The scariest hour in FX keeping HK peg defenders busy

The early part of the Asian trading day – when currency flash crashes tend to happen – seems to be when intervention happens too.

All five instances the Hong Kong Monetary Authority has recently bought the local currency to keep it from falling below the weak end of its trading band have been around 5 a.m. to 6 a.m. local time.

A lack of market liquidity – blamed for extreme moves seen in recent years in the yen, pound, euro and Swiss franc – is the issue here too. After New York traders have gone home and before Asia is fully open, it’s easier for large sell orders to push the HKMA into action, said Alan Yip, a senior foreign- exchange strategist at Bank of East Asia Ltd.

This was the case again yesterday, when Hong Kong’s de facto central bank bought HKD3.54 billion (USD451 million) of local currency just after 5 a.m. local time. The city’s currency then rose as much as 0.06 percent, the most since January, aided by a dovish Federal Reserve damping hopes for interest-rate hikes. The Hong Kong dollar pared the gain to 0.03 percent at HKD7.8479 a dollar as of 5:04 p.m.

The Hong Kong dollar has fallen to the weak end of the trading band at HKD7.85 repeatedly this month as its wide interest-rate discount to the U.S. dollar makes it profitable to short the city’s currency. That has prompted the HKMA to spend USD1.5 billion to defend the exchange-rate peg to the greenback over the past two weeks, driving up the local currency’s interbank borrowing costs.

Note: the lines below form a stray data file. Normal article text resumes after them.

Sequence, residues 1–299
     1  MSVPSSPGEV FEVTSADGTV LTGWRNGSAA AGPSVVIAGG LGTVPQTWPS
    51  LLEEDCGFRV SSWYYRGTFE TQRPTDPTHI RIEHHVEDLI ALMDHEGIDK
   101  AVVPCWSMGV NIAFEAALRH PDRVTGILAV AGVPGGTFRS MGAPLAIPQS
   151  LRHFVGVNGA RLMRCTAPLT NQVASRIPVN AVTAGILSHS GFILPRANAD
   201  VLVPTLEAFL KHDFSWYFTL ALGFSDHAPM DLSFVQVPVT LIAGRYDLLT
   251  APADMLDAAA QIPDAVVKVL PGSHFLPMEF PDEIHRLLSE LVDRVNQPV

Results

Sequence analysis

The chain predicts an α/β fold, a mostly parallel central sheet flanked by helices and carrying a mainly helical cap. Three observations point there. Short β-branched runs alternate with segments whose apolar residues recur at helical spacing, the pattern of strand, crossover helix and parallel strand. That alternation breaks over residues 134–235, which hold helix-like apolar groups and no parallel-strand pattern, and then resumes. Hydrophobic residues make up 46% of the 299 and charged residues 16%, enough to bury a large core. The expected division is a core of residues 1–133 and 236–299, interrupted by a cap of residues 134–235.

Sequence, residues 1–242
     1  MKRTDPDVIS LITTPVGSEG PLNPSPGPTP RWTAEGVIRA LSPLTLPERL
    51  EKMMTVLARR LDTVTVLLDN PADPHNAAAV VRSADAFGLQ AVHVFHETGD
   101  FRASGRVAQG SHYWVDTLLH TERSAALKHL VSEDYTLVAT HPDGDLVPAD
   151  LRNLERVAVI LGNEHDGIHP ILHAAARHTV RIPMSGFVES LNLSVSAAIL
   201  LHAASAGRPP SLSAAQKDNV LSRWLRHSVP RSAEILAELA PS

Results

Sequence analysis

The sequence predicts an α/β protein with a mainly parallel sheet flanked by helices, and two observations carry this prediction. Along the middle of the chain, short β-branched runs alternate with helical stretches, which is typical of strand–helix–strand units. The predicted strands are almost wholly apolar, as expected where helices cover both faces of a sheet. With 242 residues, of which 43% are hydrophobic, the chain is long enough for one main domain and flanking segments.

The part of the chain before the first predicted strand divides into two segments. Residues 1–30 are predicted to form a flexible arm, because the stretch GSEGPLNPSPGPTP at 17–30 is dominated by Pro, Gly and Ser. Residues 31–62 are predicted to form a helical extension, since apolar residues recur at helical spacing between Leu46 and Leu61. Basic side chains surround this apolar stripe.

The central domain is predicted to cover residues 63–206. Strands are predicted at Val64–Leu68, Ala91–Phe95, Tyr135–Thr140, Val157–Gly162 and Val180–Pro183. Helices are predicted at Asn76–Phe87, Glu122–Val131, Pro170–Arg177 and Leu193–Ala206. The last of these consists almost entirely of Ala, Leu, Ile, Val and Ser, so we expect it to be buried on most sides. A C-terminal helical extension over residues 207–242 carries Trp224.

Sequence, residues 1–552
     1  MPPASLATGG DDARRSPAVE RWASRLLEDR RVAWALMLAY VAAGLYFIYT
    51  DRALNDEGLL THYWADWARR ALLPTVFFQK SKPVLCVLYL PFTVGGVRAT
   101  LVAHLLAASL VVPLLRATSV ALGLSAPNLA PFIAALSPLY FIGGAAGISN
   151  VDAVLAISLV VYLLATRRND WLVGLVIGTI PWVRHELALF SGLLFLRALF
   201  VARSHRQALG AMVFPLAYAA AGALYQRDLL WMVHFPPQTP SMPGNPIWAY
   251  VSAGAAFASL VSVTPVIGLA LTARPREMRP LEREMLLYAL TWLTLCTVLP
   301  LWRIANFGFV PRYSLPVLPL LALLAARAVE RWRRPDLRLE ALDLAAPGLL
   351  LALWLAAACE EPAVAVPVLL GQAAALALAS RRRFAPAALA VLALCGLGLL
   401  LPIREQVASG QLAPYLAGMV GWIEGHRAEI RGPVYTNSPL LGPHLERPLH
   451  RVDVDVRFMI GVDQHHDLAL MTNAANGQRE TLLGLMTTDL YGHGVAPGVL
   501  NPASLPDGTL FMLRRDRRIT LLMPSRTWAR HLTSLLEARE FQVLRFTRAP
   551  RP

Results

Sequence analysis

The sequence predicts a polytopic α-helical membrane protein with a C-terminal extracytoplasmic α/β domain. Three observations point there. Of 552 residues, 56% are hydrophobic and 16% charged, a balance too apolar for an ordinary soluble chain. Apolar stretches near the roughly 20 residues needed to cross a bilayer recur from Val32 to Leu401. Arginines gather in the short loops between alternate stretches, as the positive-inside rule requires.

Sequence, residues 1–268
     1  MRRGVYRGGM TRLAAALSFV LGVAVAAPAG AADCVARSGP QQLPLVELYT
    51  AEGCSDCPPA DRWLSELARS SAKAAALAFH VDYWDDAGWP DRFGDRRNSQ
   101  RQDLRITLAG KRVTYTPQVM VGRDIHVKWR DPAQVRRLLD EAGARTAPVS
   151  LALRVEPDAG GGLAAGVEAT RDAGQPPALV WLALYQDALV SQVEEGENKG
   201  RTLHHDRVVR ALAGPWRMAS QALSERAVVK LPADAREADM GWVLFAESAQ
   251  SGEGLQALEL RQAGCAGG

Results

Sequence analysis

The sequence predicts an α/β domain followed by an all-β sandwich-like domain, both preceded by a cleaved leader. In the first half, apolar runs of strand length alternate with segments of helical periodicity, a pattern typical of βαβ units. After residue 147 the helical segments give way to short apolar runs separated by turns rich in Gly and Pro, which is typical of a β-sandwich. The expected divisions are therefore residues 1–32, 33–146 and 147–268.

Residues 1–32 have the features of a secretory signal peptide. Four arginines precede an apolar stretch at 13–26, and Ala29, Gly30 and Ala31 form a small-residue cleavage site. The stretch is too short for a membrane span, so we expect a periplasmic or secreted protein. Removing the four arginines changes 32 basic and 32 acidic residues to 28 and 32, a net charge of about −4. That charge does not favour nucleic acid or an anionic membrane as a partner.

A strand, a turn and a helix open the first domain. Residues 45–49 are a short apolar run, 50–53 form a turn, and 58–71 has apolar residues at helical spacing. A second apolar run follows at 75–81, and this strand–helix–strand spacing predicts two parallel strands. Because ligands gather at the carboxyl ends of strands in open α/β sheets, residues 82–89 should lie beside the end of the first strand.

While investors during U.S. hours are mostly interested in shorting the Hong Kong dollar, local banks sometimes buy it during the Asian workday for use in the city, said Ryan Lam, head of research at Shanghai Commercial Bank Ltd. That tendency can help cap the Hong Kong dollar weakness that prompts intervention. Tian Chen, Bloomberg

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